We continued to work closely with the Department of Infrastructure and Regional Development and other Australian Government aviation agencies to fulfil Australia’s obligations as a signatory to the Convention on International Civil Aviation and as a Council member of the International Civil Aviation Organization (ICAO). This involves the provision of an aeronautical search and rescue (SAR) service, aeronautical SAR expertise and advice, and assistance in progressing ICAO’s major initiatives.
Australia has been a member of ICAO’s governing Council since its formation in 1947 and is involved in more than 60 ICAO committees, panels and study groups dealing with a broad cross-section of aviation matters, including being a member of the ICAO Air Navigation Commission.
Our key achievements at ICAO in 2015-16 are detailed below.
We continued our leadership towards improved measures for regional search and rescue services in the region through chairing this task force. Since its establishment in 2012, the task force has contributed significantly to raising the profile of SAR issues within the region, including the development of a regional SAR plan to assist with improving regional capability.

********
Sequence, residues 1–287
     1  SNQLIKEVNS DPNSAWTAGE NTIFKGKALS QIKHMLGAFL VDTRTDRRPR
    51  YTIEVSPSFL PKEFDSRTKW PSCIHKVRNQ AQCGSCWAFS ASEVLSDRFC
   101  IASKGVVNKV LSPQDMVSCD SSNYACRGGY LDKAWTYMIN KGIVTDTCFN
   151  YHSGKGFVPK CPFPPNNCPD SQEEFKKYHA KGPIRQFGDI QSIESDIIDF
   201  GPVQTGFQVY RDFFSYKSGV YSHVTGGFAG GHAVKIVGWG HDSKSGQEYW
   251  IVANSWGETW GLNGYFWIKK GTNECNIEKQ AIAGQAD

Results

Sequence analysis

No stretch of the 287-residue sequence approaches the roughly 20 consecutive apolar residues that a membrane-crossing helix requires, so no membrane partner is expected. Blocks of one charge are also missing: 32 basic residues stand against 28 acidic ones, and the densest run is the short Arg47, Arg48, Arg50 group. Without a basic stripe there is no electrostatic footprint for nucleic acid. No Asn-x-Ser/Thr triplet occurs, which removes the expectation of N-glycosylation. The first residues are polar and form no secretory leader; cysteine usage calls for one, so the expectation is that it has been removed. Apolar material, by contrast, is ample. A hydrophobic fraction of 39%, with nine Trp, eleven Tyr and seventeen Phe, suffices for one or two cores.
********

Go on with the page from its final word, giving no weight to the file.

The task force has evolved into the Asia/Pacific SAR Working Group and while no longer chairing we continue to play an active role in its activities. The group reports to the ICAO Asia/Pacific Air Navigation Planning and Implementation Group and an Air Traffic Management Sub-Group, in which we also participate as a member of the Australian delegation.
ICAO/IMO Joint Working Group on Harmonization of Aeronautical and Maritime SAR
We maintained our status as one of eight Aeronautical SAR Members of this joint working group. This group assists ICAO and IMO in developing provisions regarding new SAR techniques and procedures where both aeronautical and maritime interests are involved, including the International Aeronautical and Maritime Search and Rescue Manual.
At the beginning of 2015, a jointly funded initiative by the Department of Infrastructure and Regional Development and AMSA saw the secondment of an AMSA SAR technical expert to ICAO Headquarters in Canada for two years.
The secondment was welcomed by ICAO, which now provides the global aeronautical SAR community with a fulltime expert dedicated to addressing worldwide SAR system issues based on key recommendations following the search for Malaysia Airlines flight MH370.